keyword research

20

Nov

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Beginner’s Guide To Keyword Research For Your Website (part two)

In our previous article we spoke about the basics of keyword research , now we are going to look at some practical tips to kick your keyword research into high gear Insha Allah.

A great tool for help with your devising a keyword strategy is Übersuggest. Übersuggest scrapes Google for Google suggestion keywords by taking your keyword and adding every letter of the alphabet from A to Z capturing the most frequently searched permutations.
Don’t forget to consider keyword modifiers like “how to” or “where can I” etc. For example, someone may not be looking necessarily for “BMW Tyres” rather they may be looking for “The best tyre for my BMW”.

Keyword Research Using The Google Keyword Planner Tool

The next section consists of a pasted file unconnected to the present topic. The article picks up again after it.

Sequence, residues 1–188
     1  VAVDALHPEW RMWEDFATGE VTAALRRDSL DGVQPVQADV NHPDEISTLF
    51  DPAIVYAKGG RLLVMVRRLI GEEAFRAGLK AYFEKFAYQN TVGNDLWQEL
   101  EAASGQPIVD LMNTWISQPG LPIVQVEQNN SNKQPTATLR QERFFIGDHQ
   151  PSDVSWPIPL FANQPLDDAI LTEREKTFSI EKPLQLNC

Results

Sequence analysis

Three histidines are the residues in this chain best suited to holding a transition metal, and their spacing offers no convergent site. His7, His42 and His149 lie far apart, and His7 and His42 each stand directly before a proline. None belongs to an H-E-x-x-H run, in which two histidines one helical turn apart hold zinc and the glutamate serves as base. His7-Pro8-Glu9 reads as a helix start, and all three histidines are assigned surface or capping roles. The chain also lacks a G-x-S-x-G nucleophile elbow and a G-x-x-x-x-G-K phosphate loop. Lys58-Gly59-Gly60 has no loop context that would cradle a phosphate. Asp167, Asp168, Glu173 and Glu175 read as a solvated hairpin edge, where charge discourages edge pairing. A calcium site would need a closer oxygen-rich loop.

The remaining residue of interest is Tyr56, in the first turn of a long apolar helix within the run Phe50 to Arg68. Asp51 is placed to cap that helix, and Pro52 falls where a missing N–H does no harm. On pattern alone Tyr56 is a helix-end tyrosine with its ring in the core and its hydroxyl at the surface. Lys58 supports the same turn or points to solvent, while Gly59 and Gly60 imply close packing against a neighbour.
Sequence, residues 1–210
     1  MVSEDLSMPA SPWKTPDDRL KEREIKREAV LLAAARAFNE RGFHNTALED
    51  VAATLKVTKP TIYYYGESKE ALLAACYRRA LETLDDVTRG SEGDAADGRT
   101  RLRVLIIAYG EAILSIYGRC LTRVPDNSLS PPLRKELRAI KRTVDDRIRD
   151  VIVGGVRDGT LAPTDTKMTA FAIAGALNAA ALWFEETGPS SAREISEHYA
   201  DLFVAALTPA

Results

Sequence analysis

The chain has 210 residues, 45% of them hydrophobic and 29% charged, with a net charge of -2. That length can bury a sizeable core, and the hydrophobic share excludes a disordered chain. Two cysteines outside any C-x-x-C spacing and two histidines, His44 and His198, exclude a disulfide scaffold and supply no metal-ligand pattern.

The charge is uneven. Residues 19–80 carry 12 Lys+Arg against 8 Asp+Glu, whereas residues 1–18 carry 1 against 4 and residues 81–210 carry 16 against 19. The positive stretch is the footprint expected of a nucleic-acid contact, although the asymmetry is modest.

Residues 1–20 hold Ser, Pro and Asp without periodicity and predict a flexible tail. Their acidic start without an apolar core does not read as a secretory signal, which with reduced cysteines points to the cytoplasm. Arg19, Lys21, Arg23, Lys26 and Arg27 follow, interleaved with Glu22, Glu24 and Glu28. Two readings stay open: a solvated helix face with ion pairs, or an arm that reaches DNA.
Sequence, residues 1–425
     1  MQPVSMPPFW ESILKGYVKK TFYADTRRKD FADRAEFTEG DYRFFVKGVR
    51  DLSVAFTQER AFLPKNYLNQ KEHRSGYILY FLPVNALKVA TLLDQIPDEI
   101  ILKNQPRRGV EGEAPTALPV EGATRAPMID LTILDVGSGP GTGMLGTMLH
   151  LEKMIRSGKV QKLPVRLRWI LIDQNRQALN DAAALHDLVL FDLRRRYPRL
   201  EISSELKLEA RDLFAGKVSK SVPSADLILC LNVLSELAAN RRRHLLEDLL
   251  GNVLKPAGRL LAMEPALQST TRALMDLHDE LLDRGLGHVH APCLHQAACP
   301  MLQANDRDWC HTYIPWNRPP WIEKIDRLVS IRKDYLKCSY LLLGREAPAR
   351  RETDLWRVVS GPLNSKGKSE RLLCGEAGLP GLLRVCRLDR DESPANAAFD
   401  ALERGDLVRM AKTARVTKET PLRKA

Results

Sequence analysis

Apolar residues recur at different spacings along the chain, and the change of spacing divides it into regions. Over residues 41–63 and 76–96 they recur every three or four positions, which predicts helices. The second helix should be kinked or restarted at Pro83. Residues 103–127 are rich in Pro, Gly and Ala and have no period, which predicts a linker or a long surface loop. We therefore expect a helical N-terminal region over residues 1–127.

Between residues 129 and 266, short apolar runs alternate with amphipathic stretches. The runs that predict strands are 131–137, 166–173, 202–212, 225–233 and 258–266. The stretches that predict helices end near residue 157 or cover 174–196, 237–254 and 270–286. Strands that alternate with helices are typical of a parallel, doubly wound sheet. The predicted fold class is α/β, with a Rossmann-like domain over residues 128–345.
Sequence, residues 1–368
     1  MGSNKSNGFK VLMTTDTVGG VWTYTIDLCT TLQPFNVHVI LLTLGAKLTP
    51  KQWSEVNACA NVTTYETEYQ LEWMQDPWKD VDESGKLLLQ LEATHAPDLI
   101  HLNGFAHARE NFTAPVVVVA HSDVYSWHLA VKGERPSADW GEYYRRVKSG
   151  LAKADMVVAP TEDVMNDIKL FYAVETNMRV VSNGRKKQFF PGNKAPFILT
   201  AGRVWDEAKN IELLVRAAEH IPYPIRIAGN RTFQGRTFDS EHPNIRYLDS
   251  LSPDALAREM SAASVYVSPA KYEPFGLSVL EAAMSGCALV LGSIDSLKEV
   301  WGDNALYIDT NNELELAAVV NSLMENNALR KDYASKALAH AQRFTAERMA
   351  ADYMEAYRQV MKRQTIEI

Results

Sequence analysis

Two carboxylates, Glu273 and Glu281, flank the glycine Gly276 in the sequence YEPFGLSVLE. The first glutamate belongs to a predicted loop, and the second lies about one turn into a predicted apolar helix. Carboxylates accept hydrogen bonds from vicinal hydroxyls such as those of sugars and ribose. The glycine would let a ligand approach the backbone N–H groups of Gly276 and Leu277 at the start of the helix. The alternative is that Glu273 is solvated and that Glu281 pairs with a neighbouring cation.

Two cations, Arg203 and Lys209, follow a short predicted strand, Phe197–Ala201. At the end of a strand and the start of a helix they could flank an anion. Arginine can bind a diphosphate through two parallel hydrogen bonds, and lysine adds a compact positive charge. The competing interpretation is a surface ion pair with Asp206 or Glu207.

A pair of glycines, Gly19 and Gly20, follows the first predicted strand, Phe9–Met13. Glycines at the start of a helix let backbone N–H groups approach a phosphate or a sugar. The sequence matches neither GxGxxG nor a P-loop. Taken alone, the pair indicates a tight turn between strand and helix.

Now that you have your initial list of brainstormed keywords, you can use these keywords to find more keywords using tools online. There are many tools you can use to conduct your keyword research, paid and free, however, one of the most popular tools for conducting keyword research is Google’s Keyword Planner Tool. The Google Keyword Planner Tool allows you to search for keywords to determine how many searches per month are being made for that term, how much competition there is competing for it and the related search terms.

The related search terms are important because it’s going to expose you to other keywords that are similar but may have a greater number of searches, less competition or a combination of both. (remember the little hard to find gems)

To use the Google Keyword Planner Tool, you’ll need a Google Adwords account which is free and only take a few minutes to get set up.
Once you have a Google Adwords account you’ll need to login to your account and select Tools from the menu at the top, and then select Keyword Planner.

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Next, enter the keywords you’ve brainstormed from the previous section, either one at a time or a few at a time by separating each with a comma. We would recommend starting with one at a time to keep things simple.